"Christopher Moore is a very sick man, in the very best sense of that word." —Carl Hiassen
A magnificent "Comedy d'Art" from the author of Lamb, Fool, and Bite Me, Moore's Sacré Bleu is part mystery, part history (sort of), part love story, and wholly hilarious as it follows a young baker-painter as he joins the dapper Henri Toulouse-Lautrec on a quest to unravel the mystery behind the supposed "suicide" of Vincent van Gogh.
It is the color of the Virgin Mary's cloak, a dazzling pigment desired by artists, an exquisite hue infused with danger, adventure, and perhaps even the supernatural. It is . . .
In July 1890, Vincent van Gogh went into a cornfield and shot himself. Or did he? Why would an artist at the height of his creative powers attempt to take his own life . . . and then walk a mile to a doctor's house for help? Who was the crooked little "color man" Vincent had claimed was stalking him across France? And why had the painter recently become deathly afraid of a certain shade of blue?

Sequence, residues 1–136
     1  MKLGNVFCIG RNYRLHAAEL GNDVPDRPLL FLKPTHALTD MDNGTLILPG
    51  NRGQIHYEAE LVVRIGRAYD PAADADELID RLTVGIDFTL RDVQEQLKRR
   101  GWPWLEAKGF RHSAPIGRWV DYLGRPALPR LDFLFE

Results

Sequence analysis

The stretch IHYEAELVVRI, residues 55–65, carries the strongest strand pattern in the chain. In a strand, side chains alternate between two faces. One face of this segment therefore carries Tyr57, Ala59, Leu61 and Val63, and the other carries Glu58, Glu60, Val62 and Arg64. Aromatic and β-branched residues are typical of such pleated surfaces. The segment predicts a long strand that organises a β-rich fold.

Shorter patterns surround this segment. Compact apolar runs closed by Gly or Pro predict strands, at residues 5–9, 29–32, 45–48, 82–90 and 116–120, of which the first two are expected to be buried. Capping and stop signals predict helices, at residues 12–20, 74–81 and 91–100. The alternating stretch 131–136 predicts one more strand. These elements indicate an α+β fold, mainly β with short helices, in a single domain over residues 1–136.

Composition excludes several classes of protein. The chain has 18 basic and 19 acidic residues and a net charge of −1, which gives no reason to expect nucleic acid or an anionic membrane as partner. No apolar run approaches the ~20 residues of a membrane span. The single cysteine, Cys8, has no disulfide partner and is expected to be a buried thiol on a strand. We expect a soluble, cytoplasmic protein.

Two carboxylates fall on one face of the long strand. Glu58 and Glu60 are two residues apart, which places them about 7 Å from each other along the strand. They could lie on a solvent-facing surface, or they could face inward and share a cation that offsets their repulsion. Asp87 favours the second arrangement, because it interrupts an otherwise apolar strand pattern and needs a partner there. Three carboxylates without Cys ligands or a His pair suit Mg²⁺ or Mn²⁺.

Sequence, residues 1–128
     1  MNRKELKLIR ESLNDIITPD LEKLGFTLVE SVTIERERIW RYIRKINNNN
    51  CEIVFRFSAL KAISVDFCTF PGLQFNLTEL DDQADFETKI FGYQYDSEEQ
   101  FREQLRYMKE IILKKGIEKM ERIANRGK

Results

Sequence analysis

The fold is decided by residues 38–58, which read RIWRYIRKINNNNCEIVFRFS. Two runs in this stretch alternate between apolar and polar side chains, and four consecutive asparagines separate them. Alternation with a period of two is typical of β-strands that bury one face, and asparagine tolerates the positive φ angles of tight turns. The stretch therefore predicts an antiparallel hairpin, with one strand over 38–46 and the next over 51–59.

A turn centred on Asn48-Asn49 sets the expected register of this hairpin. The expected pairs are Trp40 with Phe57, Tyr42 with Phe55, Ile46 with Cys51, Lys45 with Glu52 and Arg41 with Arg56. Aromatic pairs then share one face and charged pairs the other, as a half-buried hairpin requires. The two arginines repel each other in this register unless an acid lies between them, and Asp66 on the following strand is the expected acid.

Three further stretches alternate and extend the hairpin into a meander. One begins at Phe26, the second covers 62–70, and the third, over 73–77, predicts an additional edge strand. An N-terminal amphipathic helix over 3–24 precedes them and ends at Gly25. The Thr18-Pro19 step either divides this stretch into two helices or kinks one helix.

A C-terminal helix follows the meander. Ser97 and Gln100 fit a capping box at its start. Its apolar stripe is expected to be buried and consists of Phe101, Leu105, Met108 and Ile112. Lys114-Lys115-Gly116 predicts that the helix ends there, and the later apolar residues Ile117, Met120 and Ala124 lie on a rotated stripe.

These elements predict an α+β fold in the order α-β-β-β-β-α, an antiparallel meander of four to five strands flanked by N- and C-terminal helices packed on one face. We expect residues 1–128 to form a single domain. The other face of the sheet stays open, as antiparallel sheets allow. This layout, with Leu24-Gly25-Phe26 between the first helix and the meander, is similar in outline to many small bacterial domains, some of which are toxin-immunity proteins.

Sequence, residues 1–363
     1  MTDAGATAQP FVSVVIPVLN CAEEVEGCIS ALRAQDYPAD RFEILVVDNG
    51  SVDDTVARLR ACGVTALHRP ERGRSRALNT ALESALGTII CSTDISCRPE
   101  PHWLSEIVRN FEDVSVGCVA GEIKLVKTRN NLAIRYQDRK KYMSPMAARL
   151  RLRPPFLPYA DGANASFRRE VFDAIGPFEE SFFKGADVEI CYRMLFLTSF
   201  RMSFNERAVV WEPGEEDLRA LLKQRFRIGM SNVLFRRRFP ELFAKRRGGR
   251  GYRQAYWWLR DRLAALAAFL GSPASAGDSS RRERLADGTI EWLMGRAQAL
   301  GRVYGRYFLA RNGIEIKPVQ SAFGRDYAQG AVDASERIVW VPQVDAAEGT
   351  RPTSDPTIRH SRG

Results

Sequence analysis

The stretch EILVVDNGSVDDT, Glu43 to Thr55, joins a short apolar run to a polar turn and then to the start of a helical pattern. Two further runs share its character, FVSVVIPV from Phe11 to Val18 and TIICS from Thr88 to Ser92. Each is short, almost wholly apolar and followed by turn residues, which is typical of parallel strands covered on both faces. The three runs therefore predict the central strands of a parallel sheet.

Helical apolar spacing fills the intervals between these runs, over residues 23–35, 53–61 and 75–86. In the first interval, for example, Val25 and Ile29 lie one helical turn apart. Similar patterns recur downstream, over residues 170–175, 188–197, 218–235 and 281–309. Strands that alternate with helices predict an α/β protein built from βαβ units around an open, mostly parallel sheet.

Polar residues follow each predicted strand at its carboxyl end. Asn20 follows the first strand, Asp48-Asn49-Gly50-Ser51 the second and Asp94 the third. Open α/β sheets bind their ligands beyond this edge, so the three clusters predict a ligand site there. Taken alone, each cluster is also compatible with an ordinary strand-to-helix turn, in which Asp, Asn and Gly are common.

These are just a few of the questions confronting Vincent's friends—baker-turned-painter Lucien Lessard and bon vivant Henri Toulouse-Lautrec—who vow to discover the truth about van Gogh's untimely death. Their quest will lead them on a surreal odyssey and brothel-crawl deep into the art world of late nineteenth-century Paris.
Oh là là, quelle surprise, and zut alors! A delectable confection of intrigue, passion, and art history—with cancan girls, baguettes, and fine French cognac thrown in for good measure—Sacré Bleu is another masterpiece of wit and wonder from the one, the only, Christopher Moore.